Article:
Christian Bethancourt’s second major league call-up could potentially force him to miss some time at All-Star weekend — the setting of his past two All-Star breaks. But after being showcased as one of the top catcher prospects in baseball in 2012 and 2013, he’ll gladly accept the alternative.
"When I got the call, it was exciting because I was going to be in my third straight game in the Futures Game," Bethancourt said. "If I’ve got to be here, I’d prefer a thousand times to be here."
Bethancourt made his 2014 debut in the second game of Saturday’s doubleheader agains the Philadelphia Phillies, logging his first career MLB hit and showing off his Grade A arm in a successful stolen base attempt from speedy Philadelphia outfielder Ben Revere. He looked the part behind the plate, as he has for the past few seasons in the minors, and he allowed viewers a small window into his improvement at the plate during his age-22 season.
Bethancourt will make his second big league start on Monday night against the Mets.
"I’ve just been working all season," Bethancourt said of his work at the plate. "I haven’t changed anything since the first throw of the month I had in April. I mean, I didn’t change anything. I just keep working. My hitting coach (Garey Ingram) was like, ‘You’re fine. You just got to keep working.’ Just trying to be more consistent at the plate. I think that’s what I’ve been doing the last two months."
The big story concerning Bethancourt this season has revolved around his improved batting numbers and how the franchise might utilize him moving forward. After hitting .273/.304/.372 and three home runs in 247 plate appearances during his first shot at Triple-A, he’s been inching toward the majors.
All it took was an opportunity, which he received when Evan Gattis began experiencing spams in his right rhomboid muscle after a swinging miss at the plate in Houston.
The Braves sent reliever Juan Jaime down to make room for their newest addition behind the plate.
Manager Fredi Gonzalez has immediately taken advantage of Bethancourt’s presence, starting him in two of the past three games. That’s not necessarily an indication that the Panamanian product has taken on a definitive role in the catcher rotation, though. His usage, on the other hand, is more about protecting the team’s other catching option and putting Bethancourt in good situations.
"I don’t want to run (backup catcher Gerald) Laird into the ground," Gonzalez said. "I think he caught five out of six days: two (games) in Houston — he got the first game and last game in Houston — and then three in Philly. Actually four straight, because he went Thursday, Friday, Saturday, Sunday. He missed the second game of the doubleheader. … So I don’t want to run him into the ground and run him into a possibility where we lose him or something."
Another part of Bethancourt’s usage has to do with the pitching options. Saturday night’s starter David Hale had worked with the young catcher plenty during their days in the minors — although the two players furiously texted back and forth prior to the game when Bethancourt’s arrival at Citizen’s Bank Park was delayed — while Monday’s rotation choice, Alex Wood, worked with him at both Double-A Mississippi and Triple-A Gwinnett.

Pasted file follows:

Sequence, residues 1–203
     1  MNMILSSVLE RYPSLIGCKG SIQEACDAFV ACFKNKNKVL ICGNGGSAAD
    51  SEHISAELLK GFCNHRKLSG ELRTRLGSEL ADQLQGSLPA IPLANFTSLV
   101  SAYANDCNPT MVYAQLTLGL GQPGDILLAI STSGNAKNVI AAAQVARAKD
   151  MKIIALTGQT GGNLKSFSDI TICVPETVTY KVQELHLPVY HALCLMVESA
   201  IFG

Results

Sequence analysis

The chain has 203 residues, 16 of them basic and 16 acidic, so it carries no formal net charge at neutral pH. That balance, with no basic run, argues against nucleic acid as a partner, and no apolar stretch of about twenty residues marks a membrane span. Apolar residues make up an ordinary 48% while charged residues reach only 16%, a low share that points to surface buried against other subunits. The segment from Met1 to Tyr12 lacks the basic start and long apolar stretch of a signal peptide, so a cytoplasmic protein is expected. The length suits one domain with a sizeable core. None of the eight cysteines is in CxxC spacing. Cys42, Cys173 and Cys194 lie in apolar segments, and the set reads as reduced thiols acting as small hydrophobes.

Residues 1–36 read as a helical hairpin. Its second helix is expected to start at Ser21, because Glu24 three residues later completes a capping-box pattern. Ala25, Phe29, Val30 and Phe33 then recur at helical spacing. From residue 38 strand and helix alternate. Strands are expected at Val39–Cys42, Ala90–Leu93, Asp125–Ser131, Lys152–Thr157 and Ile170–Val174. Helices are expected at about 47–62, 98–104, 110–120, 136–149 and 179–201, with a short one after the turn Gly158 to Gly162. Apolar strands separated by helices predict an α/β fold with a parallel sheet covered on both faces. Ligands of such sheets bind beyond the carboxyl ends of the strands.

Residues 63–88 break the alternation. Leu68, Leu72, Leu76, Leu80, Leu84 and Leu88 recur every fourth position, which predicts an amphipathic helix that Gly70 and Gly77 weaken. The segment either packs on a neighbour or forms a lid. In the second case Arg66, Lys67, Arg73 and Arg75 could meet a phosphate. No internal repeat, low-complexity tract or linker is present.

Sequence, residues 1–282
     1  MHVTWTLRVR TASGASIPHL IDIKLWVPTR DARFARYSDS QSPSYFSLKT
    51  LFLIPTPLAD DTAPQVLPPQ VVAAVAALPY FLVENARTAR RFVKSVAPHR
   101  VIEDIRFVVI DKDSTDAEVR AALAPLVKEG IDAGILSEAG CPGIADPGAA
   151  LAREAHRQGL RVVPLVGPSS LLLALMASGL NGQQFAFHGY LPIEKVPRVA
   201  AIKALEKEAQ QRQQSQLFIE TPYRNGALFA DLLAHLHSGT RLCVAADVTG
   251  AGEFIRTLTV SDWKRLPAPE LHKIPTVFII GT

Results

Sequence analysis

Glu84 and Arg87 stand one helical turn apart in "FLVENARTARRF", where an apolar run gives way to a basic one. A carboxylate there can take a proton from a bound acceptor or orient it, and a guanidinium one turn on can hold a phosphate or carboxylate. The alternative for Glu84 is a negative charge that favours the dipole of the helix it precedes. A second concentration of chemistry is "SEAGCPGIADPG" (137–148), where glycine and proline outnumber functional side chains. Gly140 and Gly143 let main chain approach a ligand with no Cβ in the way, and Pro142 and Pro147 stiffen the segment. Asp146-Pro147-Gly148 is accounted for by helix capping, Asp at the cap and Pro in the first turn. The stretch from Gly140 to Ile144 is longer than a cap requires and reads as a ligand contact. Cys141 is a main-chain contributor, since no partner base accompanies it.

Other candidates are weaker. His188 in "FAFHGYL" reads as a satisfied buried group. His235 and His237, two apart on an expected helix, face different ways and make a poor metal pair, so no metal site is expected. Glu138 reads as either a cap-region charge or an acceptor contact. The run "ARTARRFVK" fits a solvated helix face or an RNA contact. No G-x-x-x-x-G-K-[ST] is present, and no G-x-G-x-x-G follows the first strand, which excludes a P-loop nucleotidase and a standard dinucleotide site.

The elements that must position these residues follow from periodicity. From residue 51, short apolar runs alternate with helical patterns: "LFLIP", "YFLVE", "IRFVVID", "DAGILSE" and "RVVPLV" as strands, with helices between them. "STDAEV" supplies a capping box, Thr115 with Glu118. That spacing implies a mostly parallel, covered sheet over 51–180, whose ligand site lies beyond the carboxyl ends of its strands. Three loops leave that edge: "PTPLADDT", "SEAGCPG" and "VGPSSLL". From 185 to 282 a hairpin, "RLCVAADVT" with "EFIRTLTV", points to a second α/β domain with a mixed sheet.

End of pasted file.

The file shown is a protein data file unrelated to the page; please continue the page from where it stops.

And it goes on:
That could be a pattern to monitor moving forward, as long as Gattis remains unavailable.
"I was nervous last year, because I wasn’t expecting what day I was gonna play. It’s different this year," Bethancourt said. "I don’t like the way I got called up, because Evan Gattis was injured, and I’m here just to do my job. They called me. I’ve got to take advantage of the opportunity. And that’s what I’m gonna do. … As a player, you don’t want to like over-think too much, you just want everything to happen."
Gonzalez said during his pregame media session that the reports had not yet come back on Gattis’ MRI on the injury. The team continues to keep Gattis off the disabled list until more information is available. Bethancourt’s time on the major league club — barring an unforeseen major change to the roster makeup — is likely contingent on those results and the subsequent timetable.
And if he misses the Futures Game, then so be it.
Injured Braves starter Gavin Floyd entered the Braves clubhouse and was soon horsing around with a soccer ball with his shortstop, Andrelton Simmons, on Monday afternoon. That’s about the only type of activity he can participate in at the moment, though, as his right arm remains in a full brace.
It’s a sight that’s been all too common with this Braves staff — Kris Medlen and Brandon Beachy wore similar contraptions earlier in the year — and one that Floyd has been in ever since being diagnosed with a fractured right elbow during Atlanta’s recent road trip. X-rays found the fracture in the olecranon, a prominent bone in the elbow joint.
Floyd underwent season-ending surgery on Thursday. The big picture remains unclear, though.
"We gotta let it heal first," Floyd said of his rehab and future plans. "That’s the thing: everybody heals differently. Just gotta take the pictures and when I see everything up there (in New York City) and see how it’s healing, we’ll get a timetable after that probably. … It’s the bone. I guess that’s the bright side of this: it’s not the Tommy John (surgery). It’s just the bone and bones heal. I get to see on the 24th of July, I go back up there, take an X-ray and see how things are going."
Floyd was 2-2 with a 2.65 ERA through 54 1/3 innings pitched after coming off Tommy John surgery this past offseason. It was the best he had pitched in years, and he felt he was improving with every start. But after his second elbow surgery in as many seasons, he has not received definitive word that he will pitch again.
"Now, it’s kind of the healing process," he said. "It takes time for the bone to heal. Just praying and waiting."